February 23, 2010
Tuesday of the First Week of Lent
Jesus said to his disciples: "In praying, do not babble like the pagans, who think that they will be heard because of their many words. Do not be like them. Your Father knows what you need before you ask him. This is how you are to pray: Our Father who art in heaven, hallowed be thy name, thy Kingdom come, thy will be done, on earth as it is in heaven. Give us this day our daily bread; and forgive us our trespasses, as we forgive those who trespass against us; and lead us not into temptation, but deliver us from evil. If you forgive men their transgressions, your heavenly Father will forgive you. But if you do not forgive men, neither will your Father forgive your transgressions."
Introductory Prayer: Lord, I am aware that you know what is best for me, and that is why I believe in you. You are more interested in my spiritual well-being than I am, and that is why I trust in you. You always give me your loving forgiveness in spite of my sins, and that is why I love you.
Petition: Lord, teach me how to pray.
1. Prayer is the Fruit of Silence
Some people like to talk. They demand to be listened to, but they don’t have the same interest in listening. However, you usually can’t listen if you aren’t used to silence. St. Theresa of Calcutta once wrote that prayer is the fruit of silence. Jesus wants us to understand that prayer is more about listening than about talking. When you are with someone who knows much about a topic that interests you, you limit yourself to asking questions and dedicate yourself to listening. Jesus is the revealer of God the Father. That means our main interest in prayer should be asking Jesus, our Lord, about his Father and then dedicating ourselves to listening.
2. God is Our Loving Father
Jesus tells us that God the Father knows what we need before we ask him. Still, we should ask, because in asking we become aware that we have needs that only God our Father can grant us. We learn to ask God what we most need for our salvation. That is why Jesus taught us the “Our Father.” Praying the “Our Father” reminds us that he is the father of all, and therefore every human person is truly our brother. In praying the “Our Father,” we essentially ask for three things: that God have the first place in our lives, that he give us our material and spiritual sustenance, and that he grant us his forgiveness.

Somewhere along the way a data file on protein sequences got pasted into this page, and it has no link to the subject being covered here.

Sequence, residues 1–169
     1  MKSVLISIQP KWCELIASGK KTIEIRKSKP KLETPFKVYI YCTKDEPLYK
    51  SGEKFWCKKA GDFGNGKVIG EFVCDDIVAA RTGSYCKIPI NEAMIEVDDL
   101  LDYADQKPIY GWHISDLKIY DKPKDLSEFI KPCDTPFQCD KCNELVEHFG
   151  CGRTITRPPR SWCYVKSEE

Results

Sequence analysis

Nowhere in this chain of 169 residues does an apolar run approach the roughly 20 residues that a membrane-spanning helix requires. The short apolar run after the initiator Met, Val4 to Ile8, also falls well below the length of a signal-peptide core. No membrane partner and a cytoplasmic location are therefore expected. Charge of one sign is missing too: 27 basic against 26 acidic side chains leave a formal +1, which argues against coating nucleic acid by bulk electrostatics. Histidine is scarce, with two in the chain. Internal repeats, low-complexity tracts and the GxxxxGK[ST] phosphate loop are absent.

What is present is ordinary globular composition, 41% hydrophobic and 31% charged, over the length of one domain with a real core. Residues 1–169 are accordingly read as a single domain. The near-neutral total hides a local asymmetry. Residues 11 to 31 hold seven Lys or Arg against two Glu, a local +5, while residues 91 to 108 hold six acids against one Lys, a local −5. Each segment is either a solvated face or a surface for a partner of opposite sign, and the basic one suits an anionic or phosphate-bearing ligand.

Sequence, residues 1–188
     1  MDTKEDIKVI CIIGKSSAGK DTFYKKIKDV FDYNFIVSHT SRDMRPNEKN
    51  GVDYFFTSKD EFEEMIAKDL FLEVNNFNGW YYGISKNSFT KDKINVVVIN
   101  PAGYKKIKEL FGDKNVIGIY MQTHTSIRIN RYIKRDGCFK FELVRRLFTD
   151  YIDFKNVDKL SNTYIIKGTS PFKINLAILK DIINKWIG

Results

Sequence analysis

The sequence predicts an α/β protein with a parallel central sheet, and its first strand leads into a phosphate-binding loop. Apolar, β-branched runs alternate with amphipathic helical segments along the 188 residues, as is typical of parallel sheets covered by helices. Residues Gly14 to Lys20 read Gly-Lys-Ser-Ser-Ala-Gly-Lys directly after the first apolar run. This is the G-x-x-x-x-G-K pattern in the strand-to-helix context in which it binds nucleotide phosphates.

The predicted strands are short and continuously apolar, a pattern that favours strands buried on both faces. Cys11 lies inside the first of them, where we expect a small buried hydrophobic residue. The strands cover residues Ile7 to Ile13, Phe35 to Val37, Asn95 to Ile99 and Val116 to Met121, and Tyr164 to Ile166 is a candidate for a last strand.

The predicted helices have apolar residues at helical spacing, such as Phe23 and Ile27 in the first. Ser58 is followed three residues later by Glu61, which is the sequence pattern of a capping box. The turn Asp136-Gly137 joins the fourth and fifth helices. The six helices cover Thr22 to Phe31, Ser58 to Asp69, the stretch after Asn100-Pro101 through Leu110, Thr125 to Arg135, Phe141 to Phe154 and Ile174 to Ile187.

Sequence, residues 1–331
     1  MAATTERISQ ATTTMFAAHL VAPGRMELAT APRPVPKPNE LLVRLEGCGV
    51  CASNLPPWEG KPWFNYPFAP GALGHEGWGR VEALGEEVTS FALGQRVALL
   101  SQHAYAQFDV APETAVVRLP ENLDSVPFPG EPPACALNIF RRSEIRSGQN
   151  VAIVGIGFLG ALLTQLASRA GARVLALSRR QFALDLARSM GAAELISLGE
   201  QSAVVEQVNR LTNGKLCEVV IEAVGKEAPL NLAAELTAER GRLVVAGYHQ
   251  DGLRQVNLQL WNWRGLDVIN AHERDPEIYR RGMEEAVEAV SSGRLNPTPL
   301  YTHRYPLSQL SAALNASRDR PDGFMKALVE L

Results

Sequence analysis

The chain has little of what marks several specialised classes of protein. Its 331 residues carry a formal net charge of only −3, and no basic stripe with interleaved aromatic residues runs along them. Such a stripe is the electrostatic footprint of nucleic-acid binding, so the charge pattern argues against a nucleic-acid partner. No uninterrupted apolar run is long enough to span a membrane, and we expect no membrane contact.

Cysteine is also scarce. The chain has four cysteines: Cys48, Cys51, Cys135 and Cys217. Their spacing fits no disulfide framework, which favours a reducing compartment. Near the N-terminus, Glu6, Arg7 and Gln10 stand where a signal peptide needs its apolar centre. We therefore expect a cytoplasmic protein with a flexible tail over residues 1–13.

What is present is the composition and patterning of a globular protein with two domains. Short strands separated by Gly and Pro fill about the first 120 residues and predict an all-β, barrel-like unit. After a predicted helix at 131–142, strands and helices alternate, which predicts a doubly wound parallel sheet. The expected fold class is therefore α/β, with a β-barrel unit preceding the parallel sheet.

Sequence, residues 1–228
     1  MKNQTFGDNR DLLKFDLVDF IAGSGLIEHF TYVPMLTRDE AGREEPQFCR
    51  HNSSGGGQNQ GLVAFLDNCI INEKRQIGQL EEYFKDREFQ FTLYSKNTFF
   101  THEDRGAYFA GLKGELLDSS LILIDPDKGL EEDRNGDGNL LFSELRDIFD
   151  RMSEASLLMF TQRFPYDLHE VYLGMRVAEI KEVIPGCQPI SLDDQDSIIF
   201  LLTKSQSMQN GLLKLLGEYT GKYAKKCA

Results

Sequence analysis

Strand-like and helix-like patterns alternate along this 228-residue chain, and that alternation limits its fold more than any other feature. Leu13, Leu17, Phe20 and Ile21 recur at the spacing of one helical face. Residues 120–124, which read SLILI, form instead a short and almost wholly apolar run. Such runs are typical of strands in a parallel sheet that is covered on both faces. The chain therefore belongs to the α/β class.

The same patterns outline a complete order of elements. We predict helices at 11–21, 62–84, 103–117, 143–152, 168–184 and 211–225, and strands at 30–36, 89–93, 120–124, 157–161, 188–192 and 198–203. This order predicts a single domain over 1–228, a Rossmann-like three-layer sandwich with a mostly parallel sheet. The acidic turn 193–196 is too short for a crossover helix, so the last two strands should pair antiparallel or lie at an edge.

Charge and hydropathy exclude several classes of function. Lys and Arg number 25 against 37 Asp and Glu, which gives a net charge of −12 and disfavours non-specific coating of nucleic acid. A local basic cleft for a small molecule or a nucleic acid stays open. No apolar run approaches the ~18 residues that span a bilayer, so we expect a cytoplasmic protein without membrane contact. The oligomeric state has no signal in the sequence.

3. Forgive in Order to Be Forgiven
Jesus emphasizes the importance of forgiveness. As the First Letter of John reminds us, we are all sinners (cf. 1:8). One of the essential characteristics of Christian life is seeking to encounter Christ’s loving mercy. We can really experience it only when we put it into practice ourselves. We can admire a person who parachutes off a plane, but we won’t understand the experience until we skydive ourselves. We grasp the true meaning of mercy when we forgive others. Our mercy will not be the same as Christ’s: He never sinned, and therefore he forgives us even though we don’t deserve it. If Christ has forgiven us, how can we dare not to forgive others?
Conversation with Christ: Lord, I thank you for teaching me to pray to the Father. I don’t always pray as much as I should. Please help me to pray more and better. Please help me to want with all my heart to give God the first place in my life, preferring his will to mine. Help me to treat others as I would like them to treat me, forgiving them when they offend me.
Resolution: I will dedicate a specific time to prayer each day.
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